Having a working knowledge of solar panel installation and repair is another skill that could come in handy during an extended emergency that renders a large chunk of society without power. While only a minority of people will be relying on this form of power, you’d be able to help them if a solar panel system stopped working. If you already have solar panels, or you plan on getting them in the future, you might as well take the time to become knowledgeable about how they work and how to fix them. Plus, some governments and organizations have entertained the idea of distributing solar panels to the public in the event of an extended power outage, so anyone who knows how to set up solar power systems would become a highly eligible employee or volunteer in such a scenario.
5. Automotive Engineering
While restoring electricity is certainly one of the main technological concerns that might need to be dealt with in an emergency, transportation is just as important. We’ve all seen the movie scenes where one of the main characters has to rig up and hotwire an old vehicle to get to safety. That same scenario could easily happen in real life, but anyone with automotive engineering skills would have no problem dealing with it. You don’t necessarily need a degree to learn how to fix older cars on a DIY basis, but newer vehicles contain more advanced components and would need to be worked on by someone with an advanced knowledge of recent automotive technology.
6. Seismoelectric Groundwater Detection Technology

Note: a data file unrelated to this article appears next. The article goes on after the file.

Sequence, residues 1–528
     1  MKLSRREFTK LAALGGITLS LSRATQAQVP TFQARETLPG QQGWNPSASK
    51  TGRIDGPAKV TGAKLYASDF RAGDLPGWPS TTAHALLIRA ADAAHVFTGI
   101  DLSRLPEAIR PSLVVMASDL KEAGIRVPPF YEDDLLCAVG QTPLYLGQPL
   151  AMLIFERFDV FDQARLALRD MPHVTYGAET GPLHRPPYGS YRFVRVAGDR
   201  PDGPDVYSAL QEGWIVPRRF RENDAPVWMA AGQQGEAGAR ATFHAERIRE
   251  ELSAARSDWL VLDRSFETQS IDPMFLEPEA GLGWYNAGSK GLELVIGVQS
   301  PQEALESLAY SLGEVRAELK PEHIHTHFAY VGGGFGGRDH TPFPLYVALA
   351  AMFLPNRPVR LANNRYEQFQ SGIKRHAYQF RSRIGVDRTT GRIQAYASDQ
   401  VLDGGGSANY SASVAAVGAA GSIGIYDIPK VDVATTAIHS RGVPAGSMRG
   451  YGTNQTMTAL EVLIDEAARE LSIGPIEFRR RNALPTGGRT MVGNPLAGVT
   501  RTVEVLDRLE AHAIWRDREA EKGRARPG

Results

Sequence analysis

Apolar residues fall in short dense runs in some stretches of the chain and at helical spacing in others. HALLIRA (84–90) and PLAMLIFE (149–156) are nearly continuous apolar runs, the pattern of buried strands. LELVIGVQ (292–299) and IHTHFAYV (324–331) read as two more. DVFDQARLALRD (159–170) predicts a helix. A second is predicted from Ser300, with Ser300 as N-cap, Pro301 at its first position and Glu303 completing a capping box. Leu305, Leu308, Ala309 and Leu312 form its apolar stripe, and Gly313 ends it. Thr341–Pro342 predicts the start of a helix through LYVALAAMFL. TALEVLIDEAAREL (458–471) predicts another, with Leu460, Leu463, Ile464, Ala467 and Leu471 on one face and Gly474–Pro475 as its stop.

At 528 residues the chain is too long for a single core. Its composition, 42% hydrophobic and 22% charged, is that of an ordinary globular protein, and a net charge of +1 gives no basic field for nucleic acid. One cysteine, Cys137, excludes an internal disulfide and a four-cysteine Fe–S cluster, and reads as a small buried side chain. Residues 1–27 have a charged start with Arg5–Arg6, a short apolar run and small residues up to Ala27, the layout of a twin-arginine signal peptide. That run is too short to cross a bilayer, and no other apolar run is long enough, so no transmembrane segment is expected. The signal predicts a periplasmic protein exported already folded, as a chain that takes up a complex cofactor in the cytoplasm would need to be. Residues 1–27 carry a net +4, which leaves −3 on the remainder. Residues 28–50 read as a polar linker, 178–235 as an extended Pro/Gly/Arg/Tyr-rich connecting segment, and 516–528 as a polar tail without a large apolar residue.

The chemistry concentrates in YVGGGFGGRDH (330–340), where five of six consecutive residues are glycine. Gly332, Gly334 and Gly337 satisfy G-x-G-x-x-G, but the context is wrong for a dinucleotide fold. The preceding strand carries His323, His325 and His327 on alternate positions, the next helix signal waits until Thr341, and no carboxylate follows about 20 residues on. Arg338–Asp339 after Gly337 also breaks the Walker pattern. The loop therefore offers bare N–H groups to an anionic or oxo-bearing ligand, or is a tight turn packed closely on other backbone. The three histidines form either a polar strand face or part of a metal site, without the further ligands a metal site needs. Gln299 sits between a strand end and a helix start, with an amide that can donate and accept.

Most of us wouldn’t think about the need to find groundwater in an emergency because everyone just assumes that there will be emergency relief aid showing up with trucks full of bottled water. But what happens in an extended emergency when there’s no aid in sight? Following the aftermath of an earthquake or volcanic eruption, it’s possible for groundwater to become contaminated by changes in the sealing and positioning of aquifers and springs. Anyone with the knowledge and equipment needed to utilize seismoelectric groundwater detection could hypothetically be the perfect asset in such a scenario because you’d be able toknow the location of the water with certainty before using precious power resources to begin drilling.
7. Primitive Technology and Building Skills
While the aforementioned types of technology are all extremely advanced and require the use of electronic components, don’t forget that humans are capable of some pretty nifty things even without the use of electricity. You can build plenty of tools, structures, and other useful objects just using the materials that nature provides. Of course, having a well-rounded knowledge of primitive survival technology and buildingcan come in handy in an emergency situation because you’ll be prepared to provide basic sustenance and protection for you and your family and friends.
What Percentage of the Population Can Do Any of the Above?
While every neighborhood has at least a few “car guys” that could rig up a previous generation vehicle in a time of transportation needs, when’s the last time you met someone who knew how to fix ham radios and solar panels, or find groundwater using a state-of-the-art device? It’s safe to say that less than 2% of the population would be equipped with the skills and equipment needed to carry out any of the repair efforts mentioned above.